Even over the last five or six years, most of the earnings growth that we've seen has come from higher margins. There has been very minimal revenue growth over the last five or six years, and I think that there's only so far that that can go in terms of margins increasing. At some point, you are going to need more robust revenue growth, which is going to mean more robust economic growth to support continued earnings growth and to support the kind of valuation levels we are currently seeing in the market. It's an open question as to who's right, the stock market or the bond market. But certainly I think the message right now is that the bond market is relatively pessimistic about the future of the economy and the stock market is still pretty optimistic.

Glaser: You said it's open question of which one is right. Do you have a sense of how you would even think about answering that question? What are some of the factors that need to be considered?

Coffina: I honestly don't know. I think the conventional wisdom is that the bond market tends to be a little smarter than the stock market. It tends to see things coming earlier than the stock market does. I think going into 2008 we saw more signs of concern in the bond market before stocks really saw their really severe sell-off. So that's it; we don't have an inverted yield curve or anything like that right now.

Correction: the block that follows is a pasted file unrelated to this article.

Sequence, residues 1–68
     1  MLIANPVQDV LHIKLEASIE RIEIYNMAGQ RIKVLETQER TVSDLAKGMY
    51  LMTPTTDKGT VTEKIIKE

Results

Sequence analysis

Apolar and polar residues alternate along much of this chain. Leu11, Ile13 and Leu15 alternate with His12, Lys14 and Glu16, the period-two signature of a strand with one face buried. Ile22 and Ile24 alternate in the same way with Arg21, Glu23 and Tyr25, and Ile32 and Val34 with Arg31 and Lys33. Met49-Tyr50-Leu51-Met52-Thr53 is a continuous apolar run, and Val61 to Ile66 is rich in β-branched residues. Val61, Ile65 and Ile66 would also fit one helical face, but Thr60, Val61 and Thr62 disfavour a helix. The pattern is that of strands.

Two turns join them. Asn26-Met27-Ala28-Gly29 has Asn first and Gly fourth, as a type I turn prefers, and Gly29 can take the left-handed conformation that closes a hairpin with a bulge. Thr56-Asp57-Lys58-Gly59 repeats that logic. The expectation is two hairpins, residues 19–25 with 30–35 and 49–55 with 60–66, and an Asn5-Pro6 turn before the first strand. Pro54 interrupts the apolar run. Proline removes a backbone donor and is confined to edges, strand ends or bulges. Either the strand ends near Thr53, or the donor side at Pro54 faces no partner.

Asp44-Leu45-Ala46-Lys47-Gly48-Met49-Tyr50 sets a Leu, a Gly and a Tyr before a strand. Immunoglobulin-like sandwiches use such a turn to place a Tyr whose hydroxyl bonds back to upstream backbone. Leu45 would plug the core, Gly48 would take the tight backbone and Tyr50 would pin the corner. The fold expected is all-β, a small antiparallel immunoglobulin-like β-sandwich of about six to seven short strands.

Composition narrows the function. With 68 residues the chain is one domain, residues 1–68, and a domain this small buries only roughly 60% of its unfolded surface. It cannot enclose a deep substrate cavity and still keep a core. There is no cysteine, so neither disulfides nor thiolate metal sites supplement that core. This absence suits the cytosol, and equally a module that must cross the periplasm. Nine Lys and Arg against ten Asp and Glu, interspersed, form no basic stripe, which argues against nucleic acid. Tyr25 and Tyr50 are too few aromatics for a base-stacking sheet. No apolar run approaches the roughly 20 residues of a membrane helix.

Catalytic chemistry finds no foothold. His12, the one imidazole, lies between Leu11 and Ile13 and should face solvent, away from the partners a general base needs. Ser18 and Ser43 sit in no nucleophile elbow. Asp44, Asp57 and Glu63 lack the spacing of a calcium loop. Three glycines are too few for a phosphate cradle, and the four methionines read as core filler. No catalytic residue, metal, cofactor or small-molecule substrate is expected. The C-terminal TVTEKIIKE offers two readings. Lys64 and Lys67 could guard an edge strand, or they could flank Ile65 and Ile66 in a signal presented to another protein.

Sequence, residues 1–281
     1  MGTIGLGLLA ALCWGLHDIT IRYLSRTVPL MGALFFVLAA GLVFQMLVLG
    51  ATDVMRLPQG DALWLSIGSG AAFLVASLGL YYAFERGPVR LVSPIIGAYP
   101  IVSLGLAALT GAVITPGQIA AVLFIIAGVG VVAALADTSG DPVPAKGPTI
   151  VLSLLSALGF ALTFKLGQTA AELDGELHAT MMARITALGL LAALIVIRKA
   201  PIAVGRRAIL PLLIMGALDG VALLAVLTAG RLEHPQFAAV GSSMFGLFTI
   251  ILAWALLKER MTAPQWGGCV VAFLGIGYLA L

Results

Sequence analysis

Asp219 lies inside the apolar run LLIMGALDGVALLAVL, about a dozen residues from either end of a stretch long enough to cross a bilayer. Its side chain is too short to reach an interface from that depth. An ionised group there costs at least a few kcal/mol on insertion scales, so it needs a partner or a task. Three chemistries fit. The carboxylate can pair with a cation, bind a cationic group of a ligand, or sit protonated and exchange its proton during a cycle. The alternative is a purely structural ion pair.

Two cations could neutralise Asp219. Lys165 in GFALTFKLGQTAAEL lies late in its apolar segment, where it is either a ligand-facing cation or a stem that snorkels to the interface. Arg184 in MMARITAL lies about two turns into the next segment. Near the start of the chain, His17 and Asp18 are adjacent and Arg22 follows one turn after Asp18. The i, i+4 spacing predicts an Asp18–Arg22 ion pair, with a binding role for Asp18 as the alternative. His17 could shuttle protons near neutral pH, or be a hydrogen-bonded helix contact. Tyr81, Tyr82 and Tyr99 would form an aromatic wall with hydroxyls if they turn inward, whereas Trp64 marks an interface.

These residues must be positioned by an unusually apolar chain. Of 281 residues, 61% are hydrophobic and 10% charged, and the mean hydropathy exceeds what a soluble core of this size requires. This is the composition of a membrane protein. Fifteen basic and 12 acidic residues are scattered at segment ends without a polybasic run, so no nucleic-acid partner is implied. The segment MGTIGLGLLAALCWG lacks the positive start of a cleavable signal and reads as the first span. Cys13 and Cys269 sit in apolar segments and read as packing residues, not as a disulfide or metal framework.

But I think the bond market's message is at least cause for caution, and I wouldn't say it's a reason to go out and sell all of your stocks. But I think it is a reason to tread carefully. If you do have cash sitting on the sidelines, maybe now is not the time to go all in on common stocks. If you have some stocks that you were thinking of selling anyway and they look like they are pretty richly valued, it might be OK to take some of that cash off the table and hope for better opportunities down the road.

That said, I don't recommend in general holding a lot of cash for a prolonged period of time because the value of common stocks does tend to go up over time. When it comes to bonds, I'm still pretty nervous. I would say that there's not a whole lot of upside and there is a fair bit of risk in current yields, especially on the longer end of the yield curve. 

But when it comes to common stocks, I think investors with a 10-, 15-, 20-year time horizon will do well enough even buying at the current prices. But I don't think it's time to go all in, and especially I think we should be wary of the message that the bond market seems to be sending, which is that economic growth is going to be relatively weak and inflationary pressures are still nowhere to be seen.

Glaser: Sounds like there are some warning signs out there then.

Coffina: Definitely, at least yellow flags, if not red flags at this point.

Glaser: Well, Matt, thanks for your update today.

Coffina: Thanks for having me, Jeremy.

Glaser: For Morningstar, I'm Jeremy Glaser. Thanks for watching.